CHARLOTTE, N.C. — Like a lot of teachers, Wil Loesel has had to pivot and find a way to keep the eighth grade math students at Albemarle Road Middle School interesting during through remote learning.
But unlike other teachers, he's been doing it from the hospital as he undergoes chemotherapy for a rare form of cancer. He's done it with a huge smile on his face and his inspirational story got the attention of the Ellen DeGeneres Show. He was featured on Tuesday's show.
Loesel says he didn’t even want the attention for continuing to do his job, he says walking away from his students now just was not an option. But, knowing he's inspiring other people makes his battle a little bit easier.
“I kept talking about how lucky I am, and people kept saying, you have stage four cancer dude, you're not that lucky. But we're at a time when it’s a global pandemic. Millions of people just filed for unemployment,” said Loesel.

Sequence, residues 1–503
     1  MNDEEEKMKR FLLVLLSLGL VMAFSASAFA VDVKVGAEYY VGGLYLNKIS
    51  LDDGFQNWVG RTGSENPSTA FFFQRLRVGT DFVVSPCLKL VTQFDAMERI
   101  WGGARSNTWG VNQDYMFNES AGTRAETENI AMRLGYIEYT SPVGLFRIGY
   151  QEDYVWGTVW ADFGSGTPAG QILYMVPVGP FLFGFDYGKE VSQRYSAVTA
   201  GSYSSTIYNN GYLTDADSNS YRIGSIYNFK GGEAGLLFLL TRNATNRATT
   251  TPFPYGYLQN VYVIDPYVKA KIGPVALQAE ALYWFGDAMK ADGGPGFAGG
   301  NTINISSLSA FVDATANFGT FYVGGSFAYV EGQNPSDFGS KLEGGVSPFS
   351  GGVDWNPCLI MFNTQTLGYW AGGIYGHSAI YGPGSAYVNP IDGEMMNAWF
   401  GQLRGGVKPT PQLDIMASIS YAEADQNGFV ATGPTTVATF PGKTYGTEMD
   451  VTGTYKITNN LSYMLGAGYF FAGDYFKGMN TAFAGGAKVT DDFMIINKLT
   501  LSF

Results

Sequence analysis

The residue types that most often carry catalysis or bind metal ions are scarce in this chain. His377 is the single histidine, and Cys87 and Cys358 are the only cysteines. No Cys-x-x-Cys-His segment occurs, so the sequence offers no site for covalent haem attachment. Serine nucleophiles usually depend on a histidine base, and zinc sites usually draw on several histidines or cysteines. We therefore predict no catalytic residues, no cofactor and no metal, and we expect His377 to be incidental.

It’s not what many others would think while sitting in a hospital bed but even as he undergoes aggressive chemotherapy, he’s grateful. He's still teaching middle school math, his true passion he discovered after 15 years in corporate America. It’s his first-year teaching with Teach for America. He loves the job and says he wouldn't be able to do if classes were in person.
“I’m here for 96 hours at a time and there’s not that much good stuff on Netflix. Being able to zoom with the kids and help them and hear them make jokes and laugh is awesome, I could do that for hours," he said.
Teaching is a different form of medicine. His positive outlook is remarkable, and he’s still been a rock for his 2 sons. They are 10 and 7 years old. His story has garnered national attention and even caught the attention of Ellen's producers. They did a long zoom interview and he was told he’ll be on the show Tuesday.
“I don't even know what to expect! so I’m just going to watch,” he says.
So many people are struggling with the fear and uncertainty of the coronavirus but Loesel’s positivity is a reminder that a little perspective goes a long way.
“I don't have to worry about looking for a job after I finish chemo. I don’t have to pay for my bills, I have health insurance, my school has been so supportive of take care of your health first,” he said.
A GoFundMe has been started to help Loesel's family with medical bills. You can click here for more information.